By Bill Barboni, DVM and Chris Pitts, RVT,
Marin Pet Hospital, San Rafael, CA
We love our dogs. They are loyal companions who bring us endless joy. They will share their ball, their bed and even a treat. However, it’s good to remember that they can occasionally share diseases with us too. There are vaccines to prevent many of the diseases in question, but its wise to know about these.
- Rabies. Rabies is a debilitating virus that attacks the brain. It is usually transmitted from an infected animal via a bite. Rabies travels from the point of the bite to the brain where is causes paralysis. The notion of a rabid dog foaming at the mouth derives from a rabies' victim's inability to swallow due to this paralysis, and therefore, looking like he is foaming at the mouth. The only way to determine if an animal has rabies is to test the brain issue. Even if a human has been vaccinated against rabies, once bitten, even the vaccinated need to receive booster shots. Rabies is fatal and there is no known cure.
- Leptospirosis. Leptospirosis is a spiral shaped bacteria that lives in standing water like puddles or ponds. It enters the system via abrasions in the skin or via mucus membranes. The most common manner of transmission from dog to human is via contaminated urine. Easy prevention includes washing hands immediately after coming in contact with dog urine. The early stages of Lepto infection are easily treated with Amoxicillin and Doxycycline, but the later stages of the disease can cause enough kidney impairment to be fatal. There is a canine vaccine for Lepto. However, there are seven types of Lepto and the vaccine does not cover every type.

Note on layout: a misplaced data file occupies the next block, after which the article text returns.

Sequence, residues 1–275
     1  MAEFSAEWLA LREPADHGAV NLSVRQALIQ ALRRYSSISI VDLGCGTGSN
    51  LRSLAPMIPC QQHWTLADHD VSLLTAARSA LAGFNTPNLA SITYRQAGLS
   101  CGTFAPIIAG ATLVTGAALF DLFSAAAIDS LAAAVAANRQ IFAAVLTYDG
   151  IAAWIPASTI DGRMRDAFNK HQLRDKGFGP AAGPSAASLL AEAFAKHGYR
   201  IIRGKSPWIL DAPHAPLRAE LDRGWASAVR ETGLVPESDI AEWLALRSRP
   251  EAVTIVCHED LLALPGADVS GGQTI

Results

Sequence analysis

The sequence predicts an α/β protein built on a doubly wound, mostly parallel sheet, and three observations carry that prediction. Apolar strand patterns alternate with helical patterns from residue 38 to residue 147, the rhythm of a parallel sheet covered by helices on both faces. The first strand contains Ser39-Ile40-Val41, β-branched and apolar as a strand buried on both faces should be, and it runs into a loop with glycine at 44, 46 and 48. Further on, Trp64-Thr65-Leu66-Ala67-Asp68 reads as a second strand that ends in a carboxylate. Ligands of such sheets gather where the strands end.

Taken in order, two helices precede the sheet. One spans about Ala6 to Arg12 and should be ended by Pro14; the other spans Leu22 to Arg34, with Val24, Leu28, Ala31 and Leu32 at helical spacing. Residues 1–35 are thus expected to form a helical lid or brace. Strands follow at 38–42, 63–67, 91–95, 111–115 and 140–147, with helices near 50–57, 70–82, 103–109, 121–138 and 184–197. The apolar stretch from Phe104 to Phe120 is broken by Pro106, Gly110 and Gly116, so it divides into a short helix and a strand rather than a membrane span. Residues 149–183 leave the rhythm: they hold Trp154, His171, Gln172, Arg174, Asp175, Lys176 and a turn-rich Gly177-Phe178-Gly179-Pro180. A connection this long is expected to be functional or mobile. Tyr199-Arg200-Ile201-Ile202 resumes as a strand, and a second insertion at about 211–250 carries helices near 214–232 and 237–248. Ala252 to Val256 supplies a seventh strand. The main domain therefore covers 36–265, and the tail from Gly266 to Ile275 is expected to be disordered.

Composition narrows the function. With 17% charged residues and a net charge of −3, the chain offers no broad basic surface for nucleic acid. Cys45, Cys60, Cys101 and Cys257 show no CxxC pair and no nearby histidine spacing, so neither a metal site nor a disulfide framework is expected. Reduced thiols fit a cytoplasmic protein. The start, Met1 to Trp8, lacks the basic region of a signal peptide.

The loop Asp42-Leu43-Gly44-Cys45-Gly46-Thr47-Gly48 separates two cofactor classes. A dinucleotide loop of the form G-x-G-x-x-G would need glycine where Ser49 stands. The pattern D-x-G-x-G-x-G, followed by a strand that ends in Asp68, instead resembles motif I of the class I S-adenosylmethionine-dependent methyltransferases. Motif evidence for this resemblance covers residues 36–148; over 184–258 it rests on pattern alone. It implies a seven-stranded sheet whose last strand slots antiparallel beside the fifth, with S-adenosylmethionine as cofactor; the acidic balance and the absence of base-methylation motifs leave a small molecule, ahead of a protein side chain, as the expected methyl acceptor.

- Ringworm. Ringworm is highly contagious. Often, by the time you realize that your dog has a telltale loss of hair, you may well have contracted ringworm too. In fact, it is not uncommon to have a parent take their child to the pediatrician for the telltale human ringworm sign – a reddish ring on the surface of the skin, and then have the parent bring the family dog in to be diagnosed. Treatment in dogs typically consists of a course of antibiotics paired with a shampoo regimen and topical cream.
- Mites. Many people worry about getting scabies from a mangy dog. However, the scabies mite that lives on your dog is species specific. It might hop on you and cause some itchiness and discomfort, but usually the mites figure out that you are not a dog and leave you in search of a better host. However, dog mites can be a problem for immature, elderly or impaired immune systems.
- Fleas. We all know a dog can get fleas. Fleas are just as happy to bite you, as they are to bite your dog. The only difference is that your personal hygiene is better than your dog's, so the fleas are probably not living on you, but they are in your environment. The best way to keep from getting fleabites is to keep up to date with your monthly flea prevention. Vacuuming really well and on a regular basis will cut down on the number of flea eggs in the home. The less fleas that hatch, then less fleas there will be to chomp on you and your fuzzy friend.
These five issues, rabies, Leptospirosis, ringworm, mites and fleas are all things that can be transmitted from your dog to you. However, with diligent vaccination and a decent hygiene protocol, most of these can be of minimal risk. If you feel that you may have contracted an illness from your dog, call your doctor.